Tell us about the origins of Tony Hillerman’s Landscape.

Each fall, I help present the Tony Hillerman Writer's Conference: Focus on Mystery. One year New Mexico mystery author Michael McGarrity was our keynote speaker, and Don Strel created a slide show of the places in southern and southwestern New Mexico McGarrity used for his latest book. Tony was in the audience and enjoyed McGarrity's illustrated talk. Afterward he said to Don "Why don't you do something like that for my books?"

Which of your dad’s Chee/Leaphorn novels is your favorite, and why?

Working on our Hillerman's Landscape book gave me a great excuse to re-read them all and I found something I'd forgotten and admired in each of them. I especially enjoyed the early books, Dance Hall of the Dead, Listening Woman, The Dark Wind. I hadn't read them for 25-30 years and they hold up over time very well.

Why do you think readers connected so well with his work?

Tony Hillerman was a wonderful storyteller, with a tremendous appreciation for the landscape in which his stories are set and for the characters who inhabit them. The plot resolutions leave the readers satisfied. The bad guys get what they deserve, Leaphorn and/or Chee solve the crime—and teach us something about the Navajo in the process.

How have his novels affected popular perceptions of the Southwest?

As Don and I have traveled throughout Arizona, Utah, Colorado and New Mexico on our book tour, we met many people who say Dad's novels provided their introduction to the Southwest. They liked what they read, came here to visit, and maybe even moved here. The books present American Indians—Navajos, Hopis, Zunis, Utes and other tribes—as real people, and as different from each other. His skill here has helped educate readers who haven't had much other exposure to Southwestern Indians.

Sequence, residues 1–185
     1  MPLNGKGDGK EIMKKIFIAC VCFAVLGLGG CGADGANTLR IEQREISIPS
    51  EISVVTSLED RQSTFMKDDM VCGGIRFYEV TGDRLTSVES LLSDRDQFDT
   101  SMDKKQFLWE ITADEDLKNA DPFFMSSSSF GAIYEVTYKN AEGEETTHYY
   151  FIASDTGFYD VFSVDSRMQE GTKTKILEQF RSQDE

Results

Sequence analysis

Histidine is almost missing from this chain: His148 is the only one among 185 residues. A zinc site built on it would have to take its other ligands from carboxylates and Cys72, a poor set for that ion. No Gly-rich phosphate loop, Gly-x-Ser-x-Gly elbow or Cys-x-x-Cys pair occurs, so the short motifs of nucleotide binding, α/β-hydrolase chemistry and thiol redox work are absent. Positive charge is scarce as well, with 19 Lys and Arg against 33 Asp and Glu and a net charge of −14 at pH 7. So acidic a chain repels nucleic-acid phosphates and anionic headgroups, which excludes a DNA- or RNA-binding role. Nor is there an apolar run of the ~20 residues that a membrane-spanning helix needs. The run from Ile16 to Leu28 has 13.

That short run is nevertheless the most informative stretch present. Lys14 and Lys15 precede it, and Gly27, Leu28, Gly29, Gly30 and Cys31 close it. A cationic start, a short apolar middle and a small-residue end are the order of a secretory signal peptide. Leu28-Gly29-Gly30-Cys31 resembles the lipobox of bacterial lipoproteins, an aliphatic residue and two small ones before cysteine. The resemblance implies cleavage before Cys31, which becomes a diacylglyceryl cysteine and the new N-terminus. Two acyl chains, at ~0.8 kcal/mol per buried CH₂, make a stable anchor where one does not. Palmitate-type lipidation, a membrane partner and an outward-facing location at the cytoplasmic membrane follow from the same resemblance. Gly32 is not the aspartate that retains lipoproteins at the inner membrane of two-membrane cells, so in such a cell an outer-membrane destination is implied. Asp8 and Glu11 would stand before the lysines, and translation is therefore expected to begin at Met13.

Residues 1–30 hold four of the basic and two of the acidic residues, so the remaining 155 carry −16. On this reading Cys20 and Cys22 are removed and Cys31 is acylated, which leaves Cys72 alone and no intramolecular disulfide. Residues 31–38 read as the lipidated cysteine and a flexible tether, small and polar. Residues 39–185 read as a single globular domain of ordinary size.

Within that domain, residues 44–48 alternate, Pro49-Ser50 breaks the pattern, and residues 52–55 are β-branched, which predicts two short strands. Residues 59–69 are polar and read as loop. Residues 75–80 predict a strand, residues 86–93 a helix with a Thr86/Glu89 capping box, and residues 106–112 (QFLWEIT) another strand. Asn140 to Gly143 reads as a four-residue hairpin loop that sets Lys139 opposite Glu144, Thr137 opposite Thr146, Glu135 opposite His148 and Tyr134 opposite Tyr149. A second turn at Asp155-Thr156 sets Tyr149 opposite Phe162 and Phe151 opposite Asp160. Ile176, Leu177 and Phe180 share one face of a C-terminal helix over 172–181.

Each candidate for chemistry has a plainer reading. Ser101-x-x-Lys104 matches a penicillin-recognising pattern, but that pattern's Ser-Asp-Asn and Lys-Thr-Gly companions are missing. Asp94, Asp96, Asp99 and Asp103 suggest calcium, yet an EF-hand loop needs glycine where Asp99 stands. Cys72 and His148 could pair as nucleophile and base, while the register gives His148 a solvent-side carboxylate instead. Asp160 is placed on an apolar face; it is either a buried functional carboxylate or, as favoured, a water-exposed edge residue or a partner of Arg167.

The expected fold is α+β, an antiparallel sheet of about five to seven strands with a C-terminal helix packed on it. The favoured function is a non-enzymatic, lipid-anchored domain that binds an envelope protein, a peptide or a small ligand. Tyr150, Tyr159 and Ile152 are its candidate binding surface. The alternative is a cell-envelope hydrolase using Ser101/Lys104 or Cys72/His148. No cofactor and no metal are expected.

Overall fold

Did your dad model any of his characters on real people? And how much Tony Hillerman is in Joe Leaphorn's character?

Yes, Dad often mentioned that he built Joe Leaphorn in part on a sherriff he came to know when he worked a reporter in his early days on the police beat in rural Texas. Other characters, including one memorable villain who spends his spare time trying to find the mother who abandoned him, came from his years in journalism. Sometimes, Dad would let non-profit groups auction off the chance to have a character in his next book named after the buyer. But, although the names are real those character don't necessarilly have anything in common with the real person.

Joe Leaphorn did remind me of Dad in some ways....his unflapability, his dogged anaylzing of problems until they were solved, his tremendous love for his wife and, of course, Leaphorn's appreciation for the beauty of the landscape of the Navajo Nation. Dad loved that country and was totally devoted to his wife, my Mom Marie.

Do you plan to write fiction some day?

Yes. If it will be good fiction remains to be seen. I think every person who enjoys playing with words and stories shares that fiction dream.